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1. In 2014, Deepti Gurdasani, a genetic epidemiologist at the Wellcome Sanger Institute in England, coauthored a paper in Nature on human genetic variation in Africa, from which this image is taken. A recent study had found that DNA from people of European descent made up 96 percent of genetic samples worldwide, reflecting the historical tendency among scientists and doctors to view the male, European body as a global archetype. “There wasn’t very much data available from Africa at all,” Gurdasani told me. To help rectify the imbalance, her research team collected samples from eighteen African ethnolinguistic groups across the continent—such as the Kalenjin of Uganda and the Oromo of Ethiopia—most of whom had not previously been included in genomic research. They analyzed the data using an admixture algorithm, which visualizes the statistical genetic differences among groups by representing them as color clusters. The top chart shows genetic differences among the sampled African populations, in increasing degrees of granularity from top to bottom, and the bottom chart shows how they compare with ethnic groups in the rest of the world. The areas where the colors mix and overlap imply that groups commingled. The Yoruba, for instance, show remarkable homogeneity—their column is almost entirely green and purple—while the Kalenjin seem to have associated with many populations across the continent.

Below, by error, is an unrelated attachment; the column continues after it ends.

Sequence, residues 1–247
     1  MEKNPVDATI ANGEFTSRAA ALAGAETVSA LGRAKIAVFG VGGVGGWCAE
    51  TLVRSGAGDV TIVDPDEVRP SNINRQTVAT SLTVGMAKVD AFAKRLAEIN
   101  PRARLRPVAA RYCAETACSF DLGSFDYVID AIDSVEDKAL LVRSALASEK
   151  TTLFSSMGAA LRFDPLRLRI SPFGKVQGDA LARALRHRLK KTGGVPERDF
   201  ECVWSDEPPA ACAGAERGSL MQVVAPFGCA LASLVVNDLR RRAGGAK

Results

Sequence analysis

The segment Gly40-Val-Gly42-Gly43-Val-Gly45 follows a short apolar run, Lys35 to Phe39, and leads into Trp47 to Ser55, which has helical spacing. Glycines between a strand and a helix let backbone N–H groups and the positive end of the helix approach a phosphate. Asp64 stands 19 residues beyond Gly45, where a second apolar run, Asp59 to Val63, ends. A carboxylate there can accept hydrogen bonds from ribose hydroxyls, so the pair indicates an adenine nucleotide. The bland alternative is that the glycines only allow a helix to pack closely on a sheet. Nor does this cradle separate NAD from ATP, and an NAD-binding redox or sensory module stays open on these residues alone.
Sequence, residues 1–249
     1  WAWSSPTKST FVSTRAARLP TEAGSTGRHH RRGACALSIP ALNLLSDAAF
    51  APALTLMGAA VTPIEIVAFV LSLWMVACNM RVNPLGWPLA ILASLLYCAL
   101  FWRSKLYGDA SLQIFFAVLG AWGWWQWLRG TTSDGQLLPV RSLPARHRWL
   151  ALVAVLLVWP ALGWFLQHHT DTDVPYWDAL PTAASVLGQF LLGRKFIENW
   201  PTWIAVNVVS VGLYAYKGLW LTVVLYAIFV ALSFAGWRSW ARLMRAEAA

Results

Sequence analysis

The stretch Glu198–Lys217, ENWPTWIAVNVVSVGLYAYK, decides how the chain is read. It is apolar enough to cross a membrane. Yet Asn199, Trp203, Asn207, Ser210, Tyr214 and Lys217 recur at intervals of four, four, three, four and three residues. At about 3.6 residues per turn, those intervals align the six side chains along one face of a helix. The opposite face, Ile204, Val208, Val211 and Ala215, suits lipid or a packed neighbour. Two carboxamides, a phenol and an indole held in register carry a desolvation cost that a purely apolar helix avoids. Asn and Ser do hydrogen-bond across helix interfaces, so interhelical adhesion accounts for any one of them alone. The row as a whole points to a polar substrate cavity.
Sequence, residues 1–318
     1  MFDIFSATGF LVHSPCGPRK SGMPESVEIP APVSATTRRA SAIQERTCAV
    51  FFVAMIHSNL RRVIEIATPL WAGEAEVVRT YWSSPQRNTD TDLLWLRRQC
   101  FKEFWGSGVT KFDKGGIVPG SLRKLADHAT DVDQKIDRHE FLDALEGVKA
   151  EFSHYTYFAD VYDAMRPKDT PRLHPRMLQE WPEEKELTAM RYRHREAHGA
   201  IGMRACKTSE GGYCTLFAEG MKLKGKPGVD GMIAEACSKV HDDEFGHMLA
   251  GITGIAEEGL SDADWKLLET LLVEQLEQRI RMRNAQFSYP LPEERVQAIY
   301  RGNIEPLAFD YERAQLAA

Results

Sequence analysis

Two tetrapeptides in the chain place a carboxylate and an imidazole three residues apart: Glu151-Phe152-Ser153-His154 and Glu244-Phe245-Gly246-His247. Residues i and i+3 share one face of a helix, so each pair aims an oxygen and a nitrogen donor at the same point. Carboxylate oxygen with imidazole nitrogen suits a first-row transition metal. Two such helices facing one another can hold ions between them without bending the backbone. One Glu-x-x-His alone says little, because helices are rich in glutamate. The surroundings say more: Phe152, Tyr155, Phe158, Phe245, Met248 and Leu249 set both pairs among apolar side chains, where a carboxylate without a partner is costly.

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Ten yards was the nearest we could get to the river. Any closer and the smell was too much to bear. The water was a milky gray color, as if mixed with ashes, and the passage of floating trash was ceaseless. Plastic bags and bottles, coffee lids, yogurt cups, flip-flops, and sodden stuffed animals drifted past, coated in yellow scum. Amid the old tires and mattresses dumped on the riverbank, mounds of rank green weeds gave refuge to birds and grasshoppers, which didn’t seem bothered by the fecal stench.

El Río de los Remedios, or the River of Remedies, runs through the city of Ecatepec, a densely populated satellite of Mexico City. Confined mostly to concrete channels, the river serves as the main drainage line for the vast monochrome barrios that surround the capital. That day, I was standing on a stretch of the canal just north of Ecatepec, with a twenty-three-year-old photographer named Reyna Leynez. Reyna was the one who’d told me about the place and what it represents. This ruined river, this open sewer, is said to be one of the largest mass graves in Mexico.